After getting a new job as an indie video game developer with Cloudhead Games, I found myself in a first-world-problem situation where I needed an additional workstation display devoted primarily to communications and documentation. Since I didn’t have any more display ports available on my workstation, I decided to shop around for a Windows 8 tablet that I could also use as a replacement for my 2 year old XPS 15 notebook.
I ended up with a Dell XPS 18 all-in-one. It comes with a wireless keyboard, mouse, and an articulated stand. The tablet also has a pair of fold-out legs on the back, which allows it to stand by itself in 2 different ways.
On the surface, an 1080p tablet with an 18.4″ screen that clocks in at 5 pounds sounds like an absurd novelty. Dell goes out of its way to call it an all-in-one that happens to be really portable, rather than suggest that it be used in the same way as smaller tablets. They’re right–unless your bulging, spinach-powered forearms make full-grown silverback gorillas take up kettlebells out of a sudden sense of inadequacy, you’re not going to be curling up on the sofa to read 1500-page ebooks on this thing.
I didn’t personally find the weight to be that much of an issue, though. It weighs nearly 2 pounds less than my dearly departed Gateway CX2720 convertible that the XPS 15 notebook replaced 2 years ago, and is also nearly a pound lighter than the XPS 15 notebook. I was used to spending significant amounts of time working with the 7-pound CX2720 in tablet mode, so I guess that skews my perception of the XPS 18’s weight a bit towards the positive side.
I opted for the midrange Core i5 configuration with 8GB of RAM. The lower end Pentium and Core i3 configurations are probably more than plenty for just Skype and Internet browsing alone, but I also wanted it to be usable for other stuff like my papercraft projects and web design.
Here are a couple shots of it integrated into my video game development workstation as an accessory display:
In this setup, I use Input Director to configure the XPS 18 as a slave system so I can use the big workstation’s peripherals with it, and it feels pretty much exactly like a simple accessory display.
When not working on video games, it gets parked on the stand and acts as a normal PC:
I’ve also taken it out of the office and used it as a Netflix machine. It’s awesome at that particular task. It’s a little too clumsy for ebook reading, since the size of the screen means most small-format ebooks show up in a 2-pages-facing layout. I haven’t tried this yet, but I bet it’d work better for magazines, comics, and other full-color text/graphics documents.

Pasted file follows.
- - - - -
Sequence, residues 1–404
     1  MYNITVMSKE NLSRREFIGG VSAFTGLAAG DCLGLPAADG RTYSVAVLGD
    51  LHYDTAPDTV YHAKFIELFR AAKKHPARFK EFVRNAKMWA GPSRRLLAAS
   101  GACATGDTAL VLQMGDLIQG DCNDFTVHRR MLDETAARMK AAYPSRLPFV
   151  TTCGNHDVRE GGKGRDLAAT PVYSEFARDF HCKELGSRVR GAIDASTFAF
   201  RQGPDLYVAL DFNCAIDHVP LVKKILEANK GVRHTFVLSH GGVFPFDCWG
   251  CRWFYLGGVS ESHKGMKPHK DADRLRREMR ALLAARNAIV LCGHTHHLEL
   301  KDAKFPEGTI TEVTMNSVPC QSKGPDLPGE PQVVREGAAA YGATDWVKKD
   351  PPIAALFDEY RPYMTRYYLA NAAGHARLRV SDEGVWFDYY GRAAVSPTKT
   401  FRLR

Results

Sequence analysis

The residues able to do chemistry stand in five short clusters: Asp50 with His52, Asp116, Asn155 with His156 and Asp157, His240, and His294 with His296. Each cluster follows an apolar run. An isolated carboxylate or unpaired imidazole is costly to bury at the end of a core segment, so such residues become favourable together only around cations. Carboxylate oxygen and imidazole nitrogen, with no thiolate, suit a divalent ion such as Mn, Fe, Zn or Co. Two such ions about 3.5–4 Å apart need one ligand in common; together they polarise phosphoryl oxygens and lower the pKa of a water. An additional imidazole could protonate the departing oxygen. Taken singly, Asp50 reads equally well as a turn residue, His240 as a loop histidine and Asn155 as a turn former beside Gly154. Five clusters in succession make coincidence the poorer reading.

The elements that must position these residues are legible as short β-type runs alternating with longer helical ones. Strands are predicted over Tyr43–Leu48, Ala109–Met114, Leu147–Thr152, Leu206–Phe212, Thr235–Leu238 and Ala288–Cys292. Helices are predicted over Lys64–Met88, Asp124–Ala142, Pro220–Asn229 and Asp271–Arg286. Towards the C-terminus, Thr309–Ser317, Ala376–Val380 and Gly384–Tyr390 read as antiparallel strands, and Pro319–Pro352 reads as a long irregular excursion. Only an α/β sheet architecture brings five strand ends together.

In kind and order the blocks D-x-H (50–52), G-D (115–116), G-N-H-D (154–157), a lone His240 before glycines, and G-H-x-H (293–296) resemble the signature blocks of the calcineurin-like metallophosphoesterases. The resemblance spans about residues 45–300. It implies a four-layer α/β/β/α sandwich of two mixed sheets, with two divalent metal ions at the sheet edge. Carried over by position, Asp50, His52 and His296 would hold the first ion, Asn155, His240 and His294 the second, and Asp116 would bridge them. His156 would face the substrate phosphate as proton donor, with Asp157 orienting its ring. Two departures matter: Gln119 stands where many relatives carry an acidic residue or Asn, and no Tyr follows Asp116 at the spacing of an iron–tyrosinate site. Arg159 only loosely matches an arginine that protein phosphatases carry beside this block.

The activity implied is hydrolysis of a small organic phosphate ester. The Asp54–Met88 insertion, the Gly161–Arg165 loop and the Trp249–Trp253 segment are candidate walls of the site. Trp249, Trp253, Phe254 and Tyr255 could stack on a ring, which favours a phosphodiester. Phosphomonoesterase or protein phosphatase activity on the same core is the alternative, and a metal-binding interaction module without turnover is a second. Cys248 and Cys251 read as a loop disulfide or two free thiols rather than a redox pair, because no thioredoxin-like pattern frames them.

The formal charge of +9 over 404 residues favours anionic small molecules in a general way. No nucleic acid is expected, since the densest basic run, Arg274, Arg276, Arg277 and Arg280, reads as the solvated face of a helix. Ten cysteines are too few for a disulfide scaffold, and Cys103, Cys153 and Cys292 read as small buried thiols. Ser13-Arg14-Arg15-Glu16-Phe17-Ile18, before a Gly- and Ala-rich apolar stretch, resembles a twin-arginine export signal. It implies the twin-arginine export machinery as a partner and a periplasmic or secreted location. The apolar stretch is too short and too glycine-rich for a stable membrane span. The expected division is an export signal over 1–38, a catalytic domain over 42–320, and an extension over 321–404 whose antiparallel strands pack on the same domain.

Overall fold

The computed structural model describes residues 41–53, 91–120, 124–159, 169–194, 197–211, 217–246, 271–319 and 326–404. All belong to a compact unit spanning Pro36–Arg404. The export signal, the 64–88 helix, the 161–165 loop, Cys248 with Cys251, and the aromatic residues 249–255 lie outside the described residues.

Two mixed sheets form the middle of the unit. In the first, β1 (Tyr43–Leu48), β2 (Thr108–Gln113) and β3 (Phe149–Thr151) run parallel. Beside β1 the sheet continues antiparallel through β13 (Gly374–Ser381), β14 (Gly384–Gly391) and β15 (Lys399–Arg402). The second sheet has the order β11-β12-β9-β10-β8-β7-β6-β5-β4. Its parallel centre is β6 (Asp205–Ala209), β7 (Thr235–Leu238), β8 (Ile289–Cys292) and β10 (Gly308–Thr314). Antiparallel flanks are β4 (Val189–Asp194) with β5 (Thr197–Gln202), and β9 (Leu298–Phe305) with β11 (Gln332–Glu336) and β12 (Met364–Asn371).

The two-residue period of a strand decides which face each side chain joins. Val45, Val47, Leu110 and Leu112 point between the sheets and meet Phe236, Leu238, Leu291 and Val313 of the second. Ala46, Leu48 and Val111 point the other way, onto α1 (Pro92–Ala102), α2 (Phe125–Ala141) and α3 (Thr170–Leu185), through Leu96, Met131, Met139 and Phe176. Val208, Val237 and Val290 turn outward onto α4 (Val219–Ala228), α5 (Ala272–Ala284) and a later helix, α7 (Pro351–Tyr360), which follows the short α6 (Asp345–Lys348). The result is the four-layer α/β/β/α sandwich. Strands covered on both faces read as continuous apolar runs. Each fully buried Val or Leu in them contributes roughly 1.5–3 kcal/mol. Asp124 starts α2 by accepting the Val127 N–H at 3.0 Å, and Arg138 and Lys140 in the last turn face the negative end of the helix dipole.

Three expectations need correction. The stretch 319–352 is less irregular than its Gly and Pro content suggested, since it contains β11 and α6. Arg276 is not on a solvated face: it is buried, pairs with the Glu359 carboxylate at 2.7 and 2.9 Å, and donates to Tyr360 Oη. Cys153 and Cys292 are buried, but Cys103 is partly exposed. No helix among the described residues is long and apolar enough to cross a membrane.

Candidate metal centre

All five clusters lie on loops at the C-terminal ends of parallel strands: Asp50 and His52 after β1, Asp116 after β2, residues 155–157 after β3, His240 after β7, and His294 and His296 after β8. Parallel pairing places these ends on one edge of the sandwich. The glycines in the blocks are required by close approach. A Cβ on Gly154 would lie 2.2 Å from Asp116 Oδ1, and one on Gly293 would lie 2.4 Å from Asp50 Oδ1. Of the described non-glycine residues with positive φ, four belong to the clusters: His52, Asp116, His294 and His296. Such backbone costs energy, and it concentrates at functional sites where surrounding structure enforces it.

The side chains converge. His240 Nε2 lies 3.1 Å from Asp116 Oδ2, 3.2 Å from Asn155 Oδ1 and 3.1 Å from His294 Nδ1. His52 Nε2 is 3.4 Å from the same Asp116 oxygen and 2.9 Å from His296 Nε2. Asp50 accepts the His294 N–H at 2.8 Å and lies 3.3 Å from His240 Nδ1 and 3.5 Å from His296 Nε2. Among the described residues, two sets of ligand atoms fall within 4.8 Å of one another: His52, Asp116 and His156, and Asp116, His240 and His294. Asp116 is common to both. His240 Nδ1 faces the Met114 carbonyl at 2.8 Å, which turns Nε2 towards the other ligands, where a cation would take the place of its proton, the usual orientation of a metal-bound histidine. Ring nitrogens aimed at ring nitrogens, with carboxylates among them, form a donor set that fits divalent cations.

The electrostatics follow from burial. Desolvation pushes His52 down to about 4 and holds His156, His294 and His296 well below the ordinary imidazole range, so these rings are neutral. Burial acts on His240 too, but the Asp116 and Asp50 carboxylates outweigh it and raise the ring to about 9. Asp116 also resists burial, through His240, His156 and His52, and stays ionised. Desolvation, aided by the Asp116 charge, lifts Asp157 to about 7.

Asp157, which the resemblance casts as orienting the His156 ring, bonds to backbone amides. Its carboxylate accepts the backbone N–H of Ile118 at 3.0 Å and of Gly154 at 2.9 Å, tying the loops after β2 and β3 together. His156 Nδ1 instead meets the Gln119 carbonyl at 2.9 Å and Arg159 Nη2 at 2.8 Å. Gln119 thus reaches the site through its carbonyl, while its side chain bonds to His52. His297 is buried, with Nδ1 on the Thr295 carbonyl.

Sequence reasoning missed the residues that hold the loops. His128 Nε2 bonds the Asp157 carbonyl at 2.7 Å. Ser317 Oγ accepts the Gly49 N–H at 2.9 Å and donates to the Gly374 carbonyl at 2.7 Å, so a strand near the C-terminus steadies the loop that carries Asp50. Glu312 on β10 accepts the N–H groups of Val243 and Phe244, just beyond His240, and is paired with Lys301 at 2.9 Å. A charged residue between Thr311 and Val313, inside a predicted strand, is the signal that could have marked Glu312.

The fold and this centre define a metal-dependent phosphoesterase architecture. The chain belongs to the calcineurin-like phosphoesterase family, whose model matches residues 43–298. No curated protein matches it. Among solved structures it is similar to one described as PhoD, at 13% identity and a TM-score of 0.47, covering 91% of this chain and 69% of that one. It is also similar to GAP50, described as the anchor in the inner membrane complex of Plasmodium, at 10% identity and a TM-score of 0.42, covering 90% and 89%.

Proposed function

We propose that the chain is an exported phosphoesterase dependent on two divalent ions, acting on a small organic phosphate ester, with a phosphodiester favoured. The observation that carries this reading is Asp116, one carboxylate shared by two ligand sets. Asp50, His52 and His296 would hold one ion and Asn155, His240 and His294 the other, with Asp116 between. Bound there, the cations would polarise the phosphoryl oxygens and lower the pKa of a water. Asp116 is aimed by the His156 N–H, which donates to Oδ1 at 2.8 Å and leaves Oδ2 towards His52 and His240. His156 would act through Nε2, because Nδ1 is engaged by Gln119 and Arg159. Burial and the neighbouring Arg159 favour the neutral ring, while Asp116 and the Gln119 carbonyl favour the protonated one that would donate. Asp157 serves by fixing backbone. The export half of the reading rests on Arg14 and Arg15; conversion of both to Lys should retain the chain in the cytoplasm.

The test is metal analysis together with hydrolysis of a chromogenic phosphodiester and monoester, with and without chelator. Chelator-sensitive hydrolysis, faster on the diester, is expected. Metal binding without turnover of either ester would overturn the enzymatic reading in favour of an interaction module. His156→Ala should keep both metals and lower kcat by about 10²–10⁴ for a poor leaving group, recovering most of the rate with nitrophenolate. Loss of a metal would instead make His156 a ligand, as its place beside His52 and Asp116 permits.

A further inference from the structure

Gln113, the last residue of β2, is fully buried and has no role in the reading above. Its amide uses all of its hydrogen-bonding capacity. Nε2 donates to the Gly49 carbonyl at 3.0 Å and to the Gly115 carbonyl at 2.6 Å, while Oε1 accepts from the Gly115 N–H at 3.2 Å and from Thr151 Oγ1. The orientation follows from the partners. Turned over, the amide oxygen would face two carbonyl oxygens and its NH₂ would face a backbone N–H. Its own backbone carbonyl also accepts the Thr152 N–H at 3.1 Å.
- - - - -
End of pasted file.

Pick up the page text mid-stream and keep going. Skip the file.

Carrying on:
Windows 8 is a little weird, like it can’t make up its mind whether it wants to be a touch-centric OS or a desktop OS. It does both fairly well, but the blending of both interfaces needs some work. Some things require more clicks and swipes to accomplish in Windows 8 than in previous versions, and some things aren’t as readily intuitive as Microsoft would like.
In what strikes me as a misguided effort to encourage people to use the Modern user interface, they removed the Start orb from the desktop interface. I think they should have kept the Start button and the Start menu in the desktop interface, but whatever. Stardock sells Start8, a $4.99 start button replacement app that blends in nicely and emulates the classical Start menu behavior, and this goes a fair way towards improving the desktop experience.
Once I figured out how the Modern apps were supposed to work (I had some trouble with Skype at first, and couldn’t figure out how to snap 2 apps together without a visit to Google), I found that I actually liked the Modern apps just fine when using it as a tablet or touchscreen. I’m still a bit ambivalent about Windows 8 in general, but I’m keeping an open mind.
I’m currently still loading my papercraft and web design software on the thing. I’m looking forward to seeing how it handles those jobs–the much larger screen and the increased RAM should come in pretty handy in Photoshop and Carrara.